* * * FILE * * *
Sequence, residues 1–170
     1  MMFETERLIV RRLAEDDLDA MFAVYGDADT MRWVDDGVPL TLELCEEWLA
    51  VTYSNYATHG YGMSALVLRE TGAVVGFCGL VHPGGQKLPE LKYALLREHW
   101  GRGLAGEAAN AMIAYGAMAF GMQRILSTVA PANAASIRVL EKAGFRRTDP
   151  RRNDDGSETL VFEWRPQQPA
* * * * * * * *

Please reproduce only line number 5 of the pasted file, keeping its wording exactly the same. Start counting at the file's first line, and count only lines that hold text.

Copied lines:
   151  RRNDDGSETL VFEWRPQQPA